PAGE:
San Francisco Beer by Bill Yenne e Shaun O'Sullivan - Read Online
San Francisco Beer
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The story of beer in San Francisco is as old as the city itself. San Francisco had its first commercial brewery by 1847, two years before the gold rush, and went on to reign as the major brewing center in the American West through the nineteenth century. From the 1930s to the early 1950s, iconic San Francisco-based breweries Lucky and Acme owned the statewide California market. In the 1960s, Fritz Maytag transformed San Francisco's tiny and primitive Anchor Brewing into America's first craft brewery. Now, well into its fourth generation of craft breweries, San Francisco has seen more new breweries open in the second decade of the twenty-first century than were opened in the entire previous century, proving that tech is not San Francisco's only booming industry. Join local author and beer enthusiast Bill Yenne as he explores San Francisco's rich tapestry of beers and breweries that have made it a brewing capital in the West.
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ISBN: 9781625855060
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San Francisco Beer - Bill Yenne

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Published by American Palate

A division of The History Press

Charleston, SC

www.historypress.net

Copyright © 2016 by Bill Yenne

All rights reserved

First published 2016

e-book edition 2016

ISBN 978.1.62585.506.0

Library of Congress Control Number: 2015957667

print edition ISBN 978.1.62619.952.1

Notice: The information in this book is true and complete to the best of our knowledge. It is offered without guarantee on the part of the author or The History Press. The author and

The History Press disclaim all liability in connection with the use of this book.

All rights reserved. No part of this book may be reproduced or transmitted in any form whatsoever without prior written permission from the publisher except in the case of brief quotations embodied in critical articles and reviews.

CONTENTS

Foreword, by Shaun O’Sullivan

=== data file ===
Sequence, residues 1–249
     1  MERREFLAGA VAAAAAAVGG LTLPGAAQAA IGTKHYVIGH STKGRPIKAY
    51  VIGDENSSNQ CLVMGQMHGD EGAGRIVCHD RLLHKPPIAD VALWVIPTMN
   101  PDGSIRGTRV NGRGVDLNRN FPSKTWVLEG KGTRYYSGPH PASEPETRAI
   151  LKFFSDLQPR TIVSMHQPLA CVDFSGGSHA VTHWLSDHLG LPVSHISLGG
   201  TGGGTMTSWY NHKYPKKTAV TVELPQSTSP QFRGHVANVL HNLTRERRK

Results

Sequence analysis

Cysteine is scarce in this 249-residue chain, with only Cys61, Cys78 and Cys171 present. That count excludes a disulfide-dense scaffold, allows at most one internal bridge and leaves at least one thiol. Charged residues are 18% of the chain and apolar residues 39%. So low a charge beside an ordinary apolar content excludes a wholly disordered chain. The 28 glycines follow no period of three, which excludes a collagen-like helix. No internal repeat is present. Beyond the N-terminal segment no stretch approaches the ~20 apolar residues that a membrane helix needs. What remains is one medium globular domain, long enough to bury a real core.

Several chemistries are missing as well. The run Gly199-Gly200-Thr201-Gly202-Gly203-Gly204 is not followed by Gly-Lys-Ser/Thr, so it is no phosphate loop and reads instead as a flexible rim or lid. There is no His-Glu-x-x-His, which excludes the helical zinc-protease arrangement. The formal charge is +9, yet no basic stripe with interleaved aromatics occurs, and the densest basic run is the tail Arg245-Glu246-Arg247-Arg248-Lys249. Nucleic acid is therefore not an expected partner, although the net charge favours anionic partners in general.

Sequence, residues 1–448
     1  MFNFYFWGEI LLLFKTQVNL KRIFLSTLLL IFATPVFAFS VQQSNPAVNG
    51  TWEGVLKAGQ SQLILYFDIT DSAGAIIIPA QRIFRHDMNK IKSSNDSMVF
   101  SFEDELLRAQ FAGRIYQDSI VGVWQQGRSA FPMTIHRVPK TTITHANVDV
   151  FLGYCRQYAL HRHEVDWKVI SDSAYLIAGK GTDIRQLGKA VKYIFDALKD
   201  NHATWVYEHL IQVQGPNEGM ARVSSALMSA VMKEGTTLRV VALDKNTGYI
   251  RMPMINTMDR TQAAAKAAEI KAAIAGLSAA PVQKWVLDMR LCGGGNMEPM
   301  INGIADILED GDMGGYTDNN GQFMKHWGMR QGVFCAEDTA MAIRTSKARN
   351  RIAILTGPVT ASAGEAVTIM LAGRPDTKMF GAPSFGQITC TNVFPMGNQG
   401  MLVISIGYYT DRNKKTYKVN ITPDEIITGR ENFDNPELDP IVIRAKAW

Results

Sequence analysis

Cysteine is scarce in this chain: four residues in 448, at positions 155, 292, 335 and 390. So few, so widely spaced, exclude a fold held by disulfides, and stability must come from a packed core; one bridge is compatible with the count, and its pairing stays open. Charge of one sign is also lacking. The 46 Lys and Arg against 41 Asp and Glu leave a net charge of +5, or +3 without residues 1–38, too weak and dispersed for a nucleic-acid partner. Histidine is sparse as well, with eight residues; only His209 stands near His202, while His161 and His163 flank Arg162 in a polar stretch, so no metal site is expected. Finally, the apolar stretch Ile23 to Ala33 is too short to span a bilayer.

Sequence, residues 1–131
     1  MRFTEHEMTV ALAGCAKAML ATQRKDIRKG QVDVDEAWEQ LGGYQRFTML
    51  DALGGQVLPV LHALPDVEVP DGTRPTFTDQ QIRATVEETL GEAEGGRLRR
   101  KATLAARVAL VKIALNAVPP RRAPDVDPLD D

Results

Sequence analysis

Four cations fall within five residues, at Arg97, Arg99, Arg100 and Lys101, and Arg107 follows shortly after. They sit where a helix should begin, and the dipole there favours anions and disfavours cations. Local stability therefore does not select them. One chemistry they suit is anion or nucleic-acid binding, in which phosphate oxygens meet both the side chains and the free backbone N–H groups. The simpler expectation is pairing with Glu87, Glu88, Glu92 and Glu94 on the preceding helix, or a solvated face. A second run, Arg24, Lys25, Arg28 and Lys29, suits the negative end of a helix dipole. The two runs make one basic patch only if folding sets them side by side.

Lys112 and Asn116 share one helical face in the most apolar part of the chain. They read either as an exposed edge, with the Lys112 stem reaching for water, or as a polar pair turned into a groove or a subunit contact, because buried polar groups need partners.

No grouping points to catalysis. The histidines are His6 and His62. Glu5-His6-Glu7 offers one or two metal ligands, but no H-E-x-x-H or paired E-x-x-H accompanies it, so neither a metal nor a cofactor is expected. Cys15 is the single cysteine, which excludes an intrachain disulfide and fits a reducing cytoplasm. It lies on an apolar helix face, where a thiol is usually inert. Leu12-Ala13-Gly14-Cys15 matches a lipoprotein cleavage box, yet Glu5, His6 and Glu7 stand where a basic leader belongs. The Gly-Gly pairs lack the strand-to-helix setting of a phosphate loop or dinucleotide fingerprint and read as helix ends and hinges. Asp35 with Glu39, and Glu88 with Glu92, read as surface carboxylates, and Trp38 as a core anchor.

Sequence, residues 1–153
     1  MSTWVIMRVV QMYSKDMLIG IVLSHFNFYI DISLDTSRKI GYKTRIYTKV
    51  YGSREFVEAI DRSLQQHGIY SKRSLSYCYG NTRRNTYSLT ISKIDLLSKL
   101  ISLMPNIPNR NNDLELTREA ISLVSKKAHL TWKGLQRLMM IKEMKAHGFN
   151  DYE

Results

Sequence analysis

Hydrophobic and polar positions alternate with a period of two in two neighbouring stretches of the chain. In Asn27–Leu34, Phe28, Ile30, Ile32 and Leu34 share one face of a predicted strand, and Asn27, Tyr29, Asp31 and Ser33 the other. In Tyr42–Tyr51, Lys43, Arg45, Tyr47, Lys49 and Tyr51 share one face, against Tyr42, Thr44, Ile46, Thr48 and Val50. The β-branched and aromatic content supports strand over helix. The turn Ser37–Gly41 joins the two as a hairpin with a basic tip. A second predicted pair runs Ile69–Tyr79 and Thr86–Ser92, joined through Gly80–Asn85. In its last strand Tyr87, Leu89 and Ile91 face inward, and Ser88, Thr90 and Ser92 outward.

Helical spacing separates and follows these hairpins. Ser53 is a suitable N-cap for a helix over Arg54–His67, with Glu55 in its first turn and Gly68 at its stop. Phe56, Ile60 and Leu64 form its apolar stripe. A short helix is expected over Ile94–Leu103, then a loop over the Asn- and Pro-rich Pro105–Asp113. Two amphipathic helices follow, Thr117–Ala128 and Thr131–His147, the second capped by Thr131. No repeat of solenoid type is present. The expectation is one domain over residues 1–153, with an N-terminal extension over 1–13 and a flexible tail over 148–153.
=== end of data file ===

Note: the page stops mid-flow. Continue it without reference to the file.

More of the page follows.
Acknowledgements

Introduction. A Pearl Without Peer

1. The Formative Years

2. A Growing Industry

3. Into a New Century

4. The Rise of the Regionals

5. The Origins of Craft Brewing

6. Craft Brewing Comes to Stay

7. Into the Future

Appendix I. Commonly Used Abbreviations

Appendix II. Measurements

About the Author

FOREWORD

The Bay Area has long captured the American ideal of the Land of Opportunity as a magnet for settlers, prospectors, seekers and the like. Like those who first put their feet on this soil to gain a fortune during the 1849 Gold Rush, many of us are here to experience something that we could not find from where we originated.

From the early settlers who traveled on the first transcontinental train west to those who became part of the 1960s music scene with the Grateful Dead and Jefferson Airplane, there is no shortage of ordinary or famous people who have found what they were looking for in the Bay Area. Some went on to create big opportunities for thousands of others in the Bay Area and beyond; Steve Jobs, Steve Woz Wozniak, George Lucas and Francis Ford Coppola are now household names in the Western world. And those of us in the brewing industry surely remember when Fritz Maytag, who some consider the father of the modern microbreweries, purchased the historic Anchor Brewing Company.

The Bay Area gives us all a place to land our creative and prospective ideas and to reinvent ourselves while also scratching our itch for opportunity and, hopefully, success. The San Francisco brewing community, then and now, is part of this very framework, giving another layer of richness and depth to the ever-changing and vibrant Bay Area community, offering the people a needed and desired social elixir.

Brewers don’t make a product. That word is reserved for producers of ball bearings and disk drives. We make beer, and we do it well. In San Francisco, we get to use near-perfect water tunneled to San Francisco from the Hetch Hetchy reservoir near Yosemite. Like water, beer is a living beverage, ultimately brought to us by the real microbrewer, yeast. That single-celled aerobic organism performs that magical act of fermentation, producing alcohol and carbon dioxide by scavenging the sugar supplied by the malt upstream in the brewing process, balanced with the aroma and bittering compounds of hops.